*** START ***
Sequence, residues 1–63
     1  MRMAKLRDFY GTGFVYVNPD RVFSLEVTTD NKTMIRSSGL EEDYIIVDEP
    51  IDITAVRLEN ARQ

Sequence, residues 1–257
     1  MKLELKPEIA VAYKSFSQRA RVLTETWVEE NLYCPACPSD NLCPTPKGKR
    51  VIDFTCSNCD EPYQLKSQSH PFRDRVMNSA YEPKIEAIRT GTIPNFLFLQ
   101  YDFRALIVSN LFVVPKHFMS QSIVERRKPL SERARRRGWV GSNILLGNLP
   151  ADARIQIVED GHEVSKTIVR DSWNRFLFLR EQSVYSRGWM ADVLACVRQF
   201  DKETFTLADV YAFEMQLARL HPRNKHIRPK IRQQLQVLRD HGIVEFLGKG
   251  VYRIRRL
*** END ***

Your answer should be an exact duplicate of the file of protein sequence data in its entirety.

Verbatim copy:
Sequence, residues 1–63
     1  MRMAKLRDFY GTGFVYVNPD RVFSLEVTTD NKTMIRSSGL EEDYIIVDEP
    51  IDITAVRLEN ARQ

Sequence, residues 1–257
     1  MKLELKPEIA VAYKSFSQRA RVLTETWVEE NLYCPACPSD NLCPTPKGKR
    51  VIDFTCSNCD EPYQLKSQSH PFRDRVMNSA YEPKIEAIRT GTIPNFLFLQ
   101  YDFRALIVSN LFVVPKHFMS QSIVERRKPL SERARRRGWV GSNILLGNLP
   151  ADARIQIVED GHEVSKTIVR DSWNRFLFLR EQSVYSRGWM ADVLACVRQF
   201  DKETFTLADV YAFEMQLARL HPRNKHIRPK IRQQLQVLRD HGIVEFLGKG
   251  VYRIRRL